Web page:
Good idea! Give it a shot and let us know how you get on. (Applause)

gdynia
5th August 2006, 19:23
anyone ever thought of *asking* Texaco what happened? And if they deny knowledge, there are other ways of finding out..

Unfortunately Texaco do not exist any longer as a Shipping company. They merged several years ago with Chevron and became known as Chevron Texaco. Last year when I was working in Chevrons main office in Huston, Texas it was decided that the Texaco part of the name will no longer appear.As with the name the records were moved and the webpages ceased to be produced. The only time you will see the old logo Chevron Texaco will be on the Stationary as they reckon on it taking another 3 years to be used all up and completely out of service. The old shipping records dissapeared in 2 weeks

flyer682
8th August 2006, 11:19
anyone ever thought of *asking* Texaco what happened? And if they deny knowledge, there are other ways of finding out..
In view of the many avenues which seem to have been explored, I'm somewhat intrigued by your comment: "there are other ways of finding out".
Would you care to enlighten us to what they are, or perhaps once you've found them, you could share them with us??

Gulpers
11th August 2006, 04:59
Folks,

Texaco Maracaibo experienced six reportable incidents before her eventual disposal in 1978. Sadly information is sketchy. There was indeed a reportable incident in June 1965 but, whatever it was, it was classed as not serious!

June 1965
Hull/Machinery damage
Not serious
On voyage
At sea
No assistance
Continued on voyage

June 1966
Hull/Machinery damage
Not serious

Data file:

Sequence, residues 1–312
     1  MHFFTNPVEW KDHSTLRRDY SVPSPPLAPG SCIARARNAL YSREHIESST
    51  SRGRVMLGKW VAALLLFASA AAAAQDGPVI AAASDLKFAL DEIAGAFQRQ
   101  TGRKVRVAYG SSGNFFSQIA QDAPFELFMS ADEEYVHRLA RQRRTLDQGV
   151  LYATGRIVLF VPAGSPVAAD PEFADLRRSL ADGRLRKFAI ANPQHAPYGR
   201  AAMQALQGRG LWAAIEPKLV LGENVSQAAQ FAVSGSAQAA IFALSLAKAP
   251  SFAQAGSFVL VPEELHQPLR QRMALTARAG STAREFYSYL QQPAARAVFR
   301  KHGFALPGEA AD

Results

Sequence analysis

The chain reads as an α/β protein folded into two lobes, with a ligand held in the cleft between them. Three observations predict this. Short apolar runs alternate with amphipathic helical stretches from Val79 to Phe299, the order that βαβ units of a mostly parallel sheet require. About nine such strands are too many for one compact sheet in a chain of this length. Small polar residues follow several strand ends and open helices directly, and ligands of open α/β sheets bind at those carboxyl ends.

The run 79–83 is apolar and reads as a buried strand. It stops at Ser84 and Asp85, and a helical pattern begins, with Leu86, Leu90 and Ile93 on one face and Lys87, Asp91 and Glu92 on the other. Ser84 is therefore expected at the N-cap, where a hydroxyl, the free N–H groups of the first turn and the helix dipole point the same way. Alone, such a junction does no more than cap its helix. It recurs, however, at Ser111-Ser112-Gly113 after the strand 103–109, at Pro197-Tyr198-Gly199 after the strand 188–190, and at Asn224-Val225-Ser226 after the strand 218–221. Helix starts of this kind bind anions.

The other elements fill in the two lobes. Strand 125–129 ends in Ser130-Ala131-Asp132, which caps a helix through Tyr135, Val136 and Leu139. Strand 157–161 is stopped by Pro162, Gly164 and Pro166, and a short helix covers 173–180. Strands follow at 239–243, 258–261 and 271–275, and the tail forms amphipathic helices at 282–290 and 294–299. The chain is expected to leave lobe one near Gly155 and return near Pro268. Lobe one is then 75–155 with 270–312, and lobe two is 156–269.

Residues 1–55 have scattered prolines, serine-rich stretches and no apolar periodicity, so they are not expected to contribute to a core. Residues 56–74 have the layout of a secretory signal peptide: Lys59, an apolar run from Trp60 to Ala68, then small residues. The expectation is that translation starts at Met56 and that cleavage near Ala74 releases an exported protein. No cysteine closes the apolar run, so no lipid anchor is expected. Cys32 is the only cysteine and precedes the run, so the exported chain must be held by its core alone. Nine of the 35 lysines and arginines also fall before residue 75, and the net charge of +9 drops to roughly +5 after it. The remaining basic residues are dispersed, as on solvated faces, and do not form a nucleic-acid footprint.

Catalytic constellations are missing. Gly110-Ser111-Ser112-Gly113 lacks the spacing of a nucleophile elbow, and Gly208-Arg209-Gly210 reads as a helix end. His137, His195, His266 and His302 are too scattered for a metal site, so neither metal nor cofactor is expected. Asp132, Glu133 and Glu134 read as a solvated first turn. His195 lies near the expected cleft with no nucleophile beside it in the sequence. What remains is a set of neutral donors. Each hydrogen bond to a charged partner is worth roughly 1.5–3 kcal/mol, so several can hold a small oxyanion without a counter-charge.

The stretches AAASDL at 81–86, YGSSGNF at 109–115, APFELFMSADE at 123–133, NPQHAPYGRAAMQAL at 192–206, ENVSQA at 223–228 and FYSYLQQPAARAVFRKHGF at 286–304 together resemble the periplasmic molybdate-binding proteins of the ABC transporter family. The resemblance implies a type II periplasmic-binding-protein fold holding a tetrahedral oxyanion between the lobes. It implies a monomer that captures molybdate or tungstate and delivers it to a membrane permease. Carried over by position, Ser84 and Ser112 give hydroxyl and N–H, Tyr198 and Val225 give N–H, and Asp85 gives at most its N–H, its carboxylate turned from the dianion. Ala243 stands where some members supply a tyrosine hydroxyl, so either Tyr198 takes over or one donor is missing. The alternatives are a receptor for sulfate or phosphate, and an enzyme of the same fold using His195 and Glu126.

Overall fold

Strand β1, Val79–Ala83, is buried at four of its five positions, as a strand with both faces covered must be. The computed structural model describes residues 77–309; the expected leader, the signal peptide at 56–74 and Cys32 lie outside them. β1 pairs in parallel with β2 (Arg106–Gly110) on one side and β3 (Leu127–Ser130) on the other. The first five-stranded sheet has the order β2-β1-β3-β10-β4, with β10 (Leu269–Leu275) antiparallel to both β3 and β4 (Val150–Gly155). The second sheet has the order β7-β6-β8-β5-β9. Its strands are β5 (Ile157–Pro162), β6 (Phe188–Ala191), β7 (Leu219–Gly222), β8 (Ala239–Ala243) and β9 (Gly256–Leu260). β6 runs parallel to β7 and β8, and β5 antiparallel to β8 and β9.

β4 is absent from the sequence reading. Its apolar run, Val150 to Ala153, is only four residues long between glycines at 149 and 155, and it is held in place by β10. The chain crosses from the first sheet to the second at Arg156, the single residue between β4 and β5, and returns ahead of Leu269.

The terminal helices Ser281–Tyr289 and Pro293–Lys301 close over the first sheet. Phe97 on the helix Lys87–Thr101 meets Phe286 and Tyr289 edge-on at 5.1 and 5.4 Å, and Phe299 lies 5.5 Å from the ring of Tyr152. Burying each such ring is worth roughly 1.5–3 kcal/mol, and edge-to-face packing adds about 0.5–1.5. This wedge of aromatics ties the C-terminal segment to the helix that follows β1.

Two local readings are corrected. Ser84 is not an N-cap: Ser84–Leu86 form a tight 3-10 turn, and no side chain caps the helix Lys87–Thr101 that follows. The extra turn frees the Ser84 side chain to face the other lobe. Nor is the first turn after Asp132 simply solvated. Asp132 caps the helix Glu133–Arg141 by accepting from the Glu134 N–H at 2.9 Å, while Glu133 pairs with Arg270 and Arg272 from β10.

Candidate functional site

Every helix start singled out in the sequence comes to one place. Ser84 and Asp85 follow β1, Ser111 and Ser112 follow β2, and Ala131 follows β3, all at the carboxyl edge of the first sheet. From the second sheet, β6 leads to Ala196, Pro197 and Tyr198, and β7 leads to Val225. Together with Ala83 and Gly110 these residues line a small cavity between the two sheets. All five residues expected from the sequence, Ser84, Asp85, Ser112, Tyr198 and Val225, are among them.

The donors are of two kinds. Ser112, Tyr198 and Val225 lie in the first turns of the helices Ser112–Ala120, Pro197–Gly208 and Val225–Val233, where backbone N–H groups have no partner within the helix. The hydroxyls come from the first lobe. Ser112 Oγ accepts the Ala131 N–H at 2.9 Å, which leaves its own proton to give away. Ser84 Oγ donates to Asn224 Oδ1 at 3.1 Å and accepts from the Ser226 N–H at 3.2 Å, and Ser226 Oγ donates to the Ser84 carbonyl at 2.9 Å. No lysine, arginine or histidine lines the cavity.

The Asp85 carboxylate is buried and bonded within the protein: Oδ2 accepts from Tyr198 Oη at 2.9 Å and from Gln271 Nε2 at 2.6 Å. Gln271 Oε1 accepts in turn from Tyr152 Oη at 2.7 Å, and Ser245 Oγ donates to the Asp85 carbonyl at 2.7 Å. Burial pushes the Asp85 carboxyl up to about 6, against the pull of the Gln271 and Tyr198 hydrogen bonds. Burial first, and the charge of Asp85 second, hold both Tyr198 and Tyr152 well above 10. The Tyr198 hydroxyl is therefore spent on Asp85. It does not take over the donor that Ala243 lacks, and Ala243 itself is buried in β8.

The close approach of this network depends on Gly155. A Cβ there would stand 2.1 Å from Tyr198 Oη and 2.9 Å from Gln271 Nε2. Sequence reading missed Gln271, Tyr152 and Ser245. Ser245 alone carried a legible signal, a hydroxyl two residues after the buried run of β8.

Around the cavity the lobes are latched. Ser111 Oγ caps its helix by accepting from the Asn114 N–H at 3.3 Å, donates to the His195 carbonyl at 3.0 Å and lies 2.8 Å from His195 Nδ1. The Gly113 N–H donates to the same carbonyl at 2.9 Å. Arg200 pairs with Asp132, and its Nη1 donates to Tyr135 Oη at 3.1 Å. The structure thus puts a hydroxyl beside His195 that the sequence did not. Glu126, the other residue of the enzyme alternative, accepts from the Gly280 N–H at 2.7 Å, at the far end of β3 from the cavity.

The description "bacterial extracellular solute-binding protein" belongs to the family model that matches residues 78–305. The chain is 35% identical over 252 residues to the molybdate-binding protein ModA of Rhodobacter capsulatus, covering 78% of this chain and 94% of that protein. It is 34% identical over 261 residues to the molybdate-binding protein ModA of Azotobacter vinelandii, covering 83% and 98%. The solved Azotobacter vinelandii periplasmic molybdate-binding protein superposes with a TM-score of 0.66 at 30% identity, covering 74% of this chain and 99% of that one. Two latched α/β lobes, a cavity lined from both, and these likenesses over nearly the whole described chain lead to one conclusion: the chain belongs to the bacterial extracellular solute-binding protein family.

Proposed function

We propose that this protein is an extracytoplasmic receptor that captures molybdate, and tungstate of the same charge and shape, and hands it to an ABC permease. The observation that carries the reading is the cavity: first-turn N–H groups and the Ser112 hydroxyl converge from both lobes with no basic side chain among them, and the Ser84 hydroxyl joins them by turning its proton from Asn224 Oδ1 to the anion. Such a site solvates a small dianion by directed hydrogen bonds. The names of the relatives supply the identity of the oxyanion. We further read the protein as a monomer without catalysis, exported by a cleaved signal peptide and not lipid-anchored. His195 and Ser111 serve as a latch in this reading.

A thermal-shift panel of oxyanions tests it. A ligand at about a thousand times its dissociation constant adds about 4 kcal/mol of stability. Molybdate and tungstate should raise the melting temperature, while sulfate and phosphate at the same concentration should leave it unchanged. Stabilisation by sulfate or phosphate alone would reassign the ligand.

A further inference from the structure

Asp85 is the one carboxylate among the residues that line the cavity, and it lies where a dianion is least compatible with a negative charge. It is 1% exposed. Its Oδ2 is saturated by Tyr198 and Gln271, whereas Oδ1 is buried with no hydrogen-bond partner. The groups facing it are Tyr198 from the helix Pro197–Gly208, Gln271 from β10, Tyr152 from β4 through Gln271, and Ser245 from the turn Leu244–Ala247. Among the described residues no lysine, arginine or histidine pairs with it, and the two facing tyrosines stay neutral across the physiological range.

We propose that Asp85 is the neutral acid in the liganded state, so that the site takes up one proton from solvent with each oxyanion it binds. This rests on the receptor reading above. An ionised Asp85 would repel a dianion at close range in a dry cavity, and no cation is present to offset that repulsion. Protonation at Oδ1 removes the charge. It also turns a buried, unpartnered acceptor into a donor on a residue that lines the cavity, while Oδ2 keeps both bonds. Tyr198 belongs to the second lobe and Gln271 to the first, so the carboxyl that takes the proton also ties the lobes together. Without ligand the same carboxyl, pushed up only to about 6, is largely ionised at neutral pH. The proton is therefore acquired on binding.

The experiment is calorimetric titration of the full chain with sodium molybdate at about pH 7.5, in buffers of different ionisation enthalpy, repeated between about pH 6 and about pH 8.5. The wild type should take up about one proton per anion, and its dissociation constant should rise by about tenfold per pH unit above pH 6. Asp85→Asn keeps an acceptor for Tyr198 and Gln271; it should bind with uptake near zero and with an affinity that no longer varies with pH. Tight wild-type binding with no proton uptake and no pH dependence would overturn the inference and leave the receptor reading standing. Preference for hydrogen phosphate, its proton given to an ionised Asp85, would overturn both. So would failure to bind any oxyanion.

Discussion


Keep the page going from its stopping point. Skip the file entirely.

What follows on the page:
On voyage
At sea – Western Mediterranean
Diverted from voyage

September 1966
Hull/Machinery damage
Not serious
On voyage
At sea
Assistance given
Continued on voyage

January 1970
Hull/Machinery damage
Not serious
On voyage
At sea
No assistance
Continued on voyage

April 1973
Hull/Machinery damage
Serious
On voyage
At sea – US Eastern Seaboard
Assistance given
Towed

August 1973
Hull/Machinery damage
Not serious
On voyage Brunsbuttel to Piraeus
At sea – English Channel
Diverted from voyage

December 1978
Broken Up: Tung Ho Steel Enterprise Corp., Kaohsiung

thunderd
11th August 2006, 05:07
Ray, that last one on December 1978 sure was a serious one!!!!

Gulpers
11th August 2006, 05:15
Derek,
By that time, it was probably a 'kindness' to put her down! :@

John Cassels
11th August 2006, 09:59
Gentlemen;

As I mentioned in post #23 , I may have read it in one of Richard Cahill's excellent
books "Groundings and their causes".
Anyone have (or can get hold of ) a copy ?.

I remember at the time , the book - together with the sister volume "Collisions and
their causes " made facinating reading.

Also remember that whwre I read the article , their was also a reproduction of the
chart showing what happened.

JC

Split
11th August 2006, 11:22
Texaco Overseas Tankships (TOT) have a link for their British Flag personel and ships at

http://www.tota.co.uk/index.php?page=1

I mention this because of the interest in the "Maracaibo". There is a charge of ten quid to become a member, though, (which may diminish the interest a bit!) and that MAY get you to talk with someone who MAY know more of the story, nothing guaranteed, though. I mention this because of the 10 quid! This was a Panam flag ship and is not on their list but all their British flag ships, both Caltex and Texaco, are listed (free) with photos and details, if anyone is interested.
Split

Split
11th August 2006, 11:41
Anyone visiting the ships section of TOT will be interested in the Texaco Great Britain-. I'm glad I didn't sail in her, my days were with Caltex. We had more fun up and down the Australian coast in the T-2's, while the prestige of sailing 200,000 tonners seems to be mingled with fond memories of bits falling off. No thanks.

The pity of the Great Britain, though, is that she was built on the Tyne by Swan Hunter. Not a good example of British shipbuilding, I'm afraid.

Split

len mazza
9th April 2011, 08:52
I can clearly being shown a news photo by the Chief Stwd.on a Shell H Class of a something Maricabo hitting the bridge to the entrance to the lake,that would have been about '64/'65.

Len Mazza R621945

Malky Glaister
9th April 2011, 11:06
Gentlemen, the following may be of interest.

Google GENERAL RAFEEL URDANETA BRIDGE

The bridge over the lake mouth.

Scroll to HISTORY and click on ship collision.
the page USS NARRAGUAGAS appears.

Scroll to post war decommissioning and ESSO MARACAIBO is mentioned as hitting bridge in 64 0r 65 etc.